I entered from behind the stage and walked along the right wall, around to the front of the stage where the individual was sitting. Andy and James were up on stage with the stand-ins, making sure the camera operators knew how the elimination was going to unfold, where to focus the camera, and which contestant to follow. I thought this was weird: the performances would not be happening until the next day, and the eliminations a day after that, so there was no way to know who was going to be eliminated. Voting hadn’t even taken place yet for the show that they were rehearsing for.

All the stand-ins had the contestants’ names whom they were standing in for written on two large stickers, one on their chest and one on their back. It was very clear who was representing whom. I stood in the back for a few minutes because the person I needed to deliver the message to was busy discussing the show with Andy and James. I didn’t want to interrupt, so I waited my turn.

I continued to watch as Andy and James could not make up their minds as to how they wanted to make the elimination happen. After running out of options and getting frustrated, they used a previous routine that was used a couple of weeks before.

I waited until Andy announced that the rehearsals were wrapped for the day before I delivered the message and returned to the office upstairs. As I watched the live show unfold the next day, I thought that all of the contestants did very well, except for two of the male contestants. I figured that both would be in the bottom group the following day and that one of them would be eliminated from the show and sent packing. Many of the people in the office thought the same thing that I did, so we were all shocked when one of the best performers was eliminated the following day.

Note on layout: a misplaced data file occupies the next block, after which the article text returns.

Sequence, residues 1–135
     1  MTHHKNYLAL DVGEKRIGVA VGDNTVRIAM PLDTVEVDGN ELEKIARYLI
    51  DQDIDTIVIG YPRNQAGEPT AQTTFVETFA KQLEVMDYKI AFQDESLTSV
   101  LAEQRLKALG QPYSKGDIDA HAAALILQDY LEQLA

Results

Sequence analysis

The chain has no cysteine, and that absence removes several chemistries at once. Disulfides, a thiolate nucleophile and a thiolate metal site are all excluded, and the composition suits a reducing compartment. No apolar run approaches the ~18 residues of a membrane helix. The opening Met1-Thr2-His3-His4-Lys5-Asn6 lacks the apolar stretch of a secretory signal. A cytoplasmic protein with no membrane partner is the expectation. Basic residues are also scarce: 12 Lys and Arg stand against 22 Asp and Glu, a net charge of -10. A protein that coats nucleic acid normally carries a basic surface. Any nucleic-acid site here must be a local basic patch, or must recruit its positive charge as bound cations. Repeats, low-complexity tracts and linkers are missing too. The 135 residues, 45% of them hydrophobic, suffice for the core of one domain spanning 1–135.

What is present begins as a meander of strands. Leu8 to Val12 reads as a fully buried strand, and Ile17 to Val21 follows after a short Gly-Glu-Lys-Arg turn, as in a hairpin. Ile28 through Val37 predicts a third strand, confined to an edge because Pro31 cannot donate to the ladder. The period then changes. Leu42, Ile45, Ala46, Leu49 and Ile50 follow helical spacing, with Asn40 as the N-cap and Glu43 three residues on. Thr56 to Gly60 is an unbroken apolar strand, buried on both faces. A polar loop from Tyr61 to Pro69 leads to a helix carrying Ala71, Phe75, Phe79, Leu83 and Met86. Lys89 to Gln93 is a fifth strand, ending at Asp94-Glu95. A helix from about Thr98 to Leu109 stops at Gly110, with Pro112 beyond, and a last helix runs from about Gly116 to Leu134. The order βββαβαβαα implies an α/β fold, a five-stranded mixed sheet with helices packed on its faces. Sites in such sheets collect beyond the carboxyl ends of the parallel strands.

After the office calmed down following the shock of the elimination, I finished the last few things I needed to get done before my fifteen-hour day was over and I could head home. While I was driving home, it dawned on me that the person who had been eliminated was the same person who had been eliminated during the closed-door rehearsals just two days before.

That was too much of a coincidence for me. From that day on, I figured that people on the inside had a hand in how the results of the show were handled.


Or in less polite terms, your vote doesn't count.
~~~

Tuesday, December 02, 2008

O Holy Night: The Measure of a Singer

Clay Aiken is unparalleled as a live performer. Listen to him sing O Holy Night in concert. The video is not a professionally produced one by any means, but his voice overcomes that handicap. At one point he appears to be communicating with one of his sound engineers. Don't let that distract you too much. Its a live show :)



and for those who think that David Archuletta is the second coming or that he is Clay Aiken 2.0, here's David's version.



Here is Josh Groban, for those who think he sets some kind of standard. This is live from the Vatican and a professional production. No really!




and for the hearing impaired, here's Clay's O Holy Night in ASL.



What do you think?

Monday, December 01, 2008

Talks about Fatherhood, Spamalot and Coming Out



Clay Aiken talks about why he returned to do another run in Spamalot and about life as a father. He and Jaymes Foster (Parker's mother) are raising the baby together and Clay talks about what he does best as a father. He is good at quieting Parker when he cries and is unfazed by diaper duty. Clay admits "He owns us".

Today's ET teaser indicates that there will be more on Parker's surgery and how he and Jaymes coped with it. Clay also talks about his apprehension and how he braced himself to be boo-ed by the Spamalot audience the day after he came out as a gay man.

Needless to say, he was pleasantly surprised at how accepted he was and how normal his life is. He admits that his friends were right and he is glad he did it.